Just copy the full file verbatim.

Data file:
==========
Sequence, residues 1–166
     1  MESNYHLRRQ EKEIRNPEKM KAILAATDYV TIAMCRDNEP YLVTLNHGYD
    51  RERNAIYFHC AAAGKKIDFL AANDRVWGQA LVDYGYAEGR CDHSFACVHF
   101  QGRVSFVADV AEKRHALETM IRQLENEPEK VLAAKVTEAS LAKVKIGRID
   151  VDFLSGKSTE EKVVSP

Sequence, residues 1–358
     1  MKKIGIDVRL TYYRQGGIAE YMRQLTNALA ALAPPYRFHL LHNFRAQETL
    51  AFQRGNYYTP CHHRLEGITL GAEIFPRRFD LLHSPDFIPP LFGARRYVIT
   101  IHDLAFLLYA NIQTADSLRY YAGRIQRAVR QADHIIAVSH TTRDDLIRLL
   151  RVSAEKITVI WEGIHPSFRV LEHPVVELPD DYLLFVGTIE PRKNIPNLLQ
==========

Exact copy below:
Sequence, residues 1–166
     1  MESNYHLRRQ EKEIRNPEKM KAILAATDYV TIAMCRDNEP YLVTLNHGYD
    51  RERNAIYFHC AAAGKKIDFL AANDRVWGQA LVDYGYAEGR CDHSFACVHF
   101  QGRVSFVADV AEKRHALETM IRQLENEPEK VLAAKVTEAS LAKVKIGRID
   151  VDFLSGKSTE EKVVSP

Sequence, residues 1–358
     1  MKKIGIDVRL TYYRQGGIAE YMRQLTNALA ALAPPYRFHL LHNFRAQETL
    51  AFQRGNYYTP CHHRLEGITL GAEIFPRRFD LLHSPDFIPP LFGARRYVIT
   101  IHDLAFLLYA NIQTADSLRY YAGRIQRAVR QADHIIAVSH TTRDDLIRLL
   151  RVSAEKITVI WEGIHPSFRV LEHPVVELPD DYLLFVGTIE PRKNIPNLLQ